Asian Rhino Projectx

Asian Rhino Specialist Group

Asian Rhino Specialist Group Meeting: Assessment Status of Sumatran and Javan Rhino in SE Asia, by Clare Campbell

The AsRSG meeting was held on 13 and 14 March 2012 as Taman Safari in Bogor, Indonesia. This meeting focused entirely on the Indonesian rhino species. The meeting was attended by 40+ key personnel from relevant government departments, NGO’s and field staff. Clare attended on behalf of ARP Director Kerry Crosbie.

Figure 1. Delegates at the AsRSG Meeting, Taman Safari

Sumatran Rhino Conservation Assessment

Susie Ellis opened this session with some information on the current issues with poaching of African rhino and frightening comparison with Asian species. At the time, 97 African rhino had been poached this year alone (current numbers suggest more than 251). If this poaching pressure was applied to Javan rhino they would be gone by the end of April, Sumatran would be gone by September.

Whilst this level of poaching has not been experienced in recent years for Asian species, this is a global crisis that we need to be aware of and be on guard for any potential increase in poaching in this region. Clearly the Asian species cannot withstand ANY increase in poaching.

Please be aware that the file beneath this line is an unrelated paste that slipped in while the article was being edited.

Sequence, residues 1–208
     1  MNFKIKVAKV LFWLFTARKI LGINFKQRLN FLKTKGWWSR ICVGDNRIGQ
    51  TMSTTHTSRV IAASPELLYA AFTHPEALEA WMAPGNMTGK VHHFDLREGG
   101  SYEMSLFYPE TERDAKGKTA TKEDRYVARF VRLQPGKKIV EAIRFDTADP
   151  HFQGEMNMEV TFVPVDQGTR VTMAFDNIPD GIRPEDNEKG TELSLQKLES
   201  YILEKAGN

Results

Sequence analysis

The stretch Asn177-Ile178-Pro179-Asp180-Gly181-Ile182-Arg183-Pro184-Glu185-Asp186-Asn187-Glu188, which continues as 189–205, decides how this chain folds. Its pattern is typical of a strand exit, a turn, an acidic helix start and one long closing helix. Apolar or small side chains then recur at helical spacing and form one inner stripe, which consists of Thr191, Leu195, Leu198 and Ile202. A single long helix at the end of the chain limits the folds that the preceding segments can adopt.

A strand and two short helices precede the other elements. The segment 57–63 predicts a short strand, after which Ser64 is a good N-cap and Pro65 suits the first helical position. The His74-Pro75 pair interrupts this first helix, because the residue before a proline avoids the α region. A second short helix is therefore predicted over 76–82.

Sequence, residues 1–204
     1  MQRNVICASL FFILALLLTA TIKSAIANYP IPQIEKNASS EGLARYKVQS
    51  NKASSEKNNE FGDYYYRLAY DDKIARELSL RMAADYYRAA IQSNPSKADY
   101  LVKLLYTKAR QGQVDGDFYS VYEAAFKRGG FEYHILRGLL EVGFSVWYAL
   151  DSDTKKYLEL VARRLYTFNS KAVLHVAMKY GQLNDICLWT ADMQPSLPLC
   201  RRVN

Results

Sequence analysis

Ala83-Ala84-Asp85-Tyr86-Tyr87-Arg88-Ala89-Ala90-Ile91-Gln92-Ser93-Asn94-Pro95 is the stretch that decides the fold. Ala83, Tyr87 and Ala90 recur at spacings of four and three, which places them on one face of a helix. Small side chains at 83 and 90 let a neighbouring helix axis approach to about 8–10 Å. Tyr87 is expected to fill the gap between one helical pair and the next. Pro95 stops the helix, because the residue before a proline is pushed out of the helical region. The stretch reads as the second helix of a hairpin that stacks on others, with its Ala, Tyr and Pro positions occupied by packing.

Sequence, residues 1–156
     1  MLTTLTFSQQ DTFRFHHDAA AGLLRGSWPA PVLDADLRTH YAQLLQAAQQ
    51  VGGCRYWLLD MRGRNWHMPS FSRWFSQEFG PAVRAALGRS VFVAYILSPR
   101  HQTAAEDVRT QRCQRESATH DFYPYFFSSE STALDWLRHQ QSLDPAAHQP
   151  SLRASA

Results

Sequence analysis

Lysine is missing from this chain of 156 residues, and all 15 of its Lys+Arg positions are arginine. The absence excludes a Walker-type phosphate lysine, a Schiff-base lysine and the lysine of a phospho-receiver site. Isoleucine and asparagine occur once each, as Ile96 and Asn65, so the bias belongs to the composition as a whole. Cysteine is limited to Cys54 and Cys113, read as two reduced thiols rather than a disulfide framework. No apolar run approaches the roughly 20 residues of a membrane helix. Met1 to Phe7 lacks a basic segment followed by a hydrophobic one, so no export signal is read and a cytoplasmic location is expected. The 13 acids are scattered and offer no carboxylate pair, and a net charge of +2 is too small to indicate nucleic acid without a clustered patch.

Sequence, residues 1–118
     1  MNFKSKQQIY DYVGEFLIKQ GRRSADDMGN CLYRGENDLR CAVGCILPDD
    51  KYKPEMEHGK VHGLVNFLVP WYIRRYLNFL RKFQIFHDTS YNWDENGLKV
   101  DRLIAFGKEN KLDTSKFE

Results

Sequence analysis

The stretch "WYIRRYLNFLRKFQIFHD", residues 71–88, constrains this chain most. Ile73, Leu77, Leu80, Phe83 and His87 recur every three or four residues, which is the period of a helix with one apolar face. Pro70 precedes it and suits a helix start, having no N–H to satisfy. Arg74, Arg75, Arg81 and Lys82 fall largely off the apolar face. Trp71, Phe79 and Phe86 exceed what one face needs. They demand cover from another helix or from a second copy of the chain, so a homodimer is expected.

Even in the absence of significant poaching, the Sumatran and Javan rhino remain in a critical situation. We have lost 11% of the population in the last 2 years and they face potential extinction within the next few years. It is essential that we reduce mortality, increase breeding and resolve the habitat issues impacting the wild rhino populations.

One of the most positive outcomes from the meeting was information provided from staff working within the Leuser ecosystem indicating population numbers for Sumatran rhino to be as high as 80 individuals in this area. Camera trap data shown by Leuser International Foundation identified at least 25 individuals from 700 frames of footage.

                                              

 ©Jamal Gawi

Figure 2: Location of Leuser Ecosystem           

Figure 3: Camera trap footage

©Mike Griffiths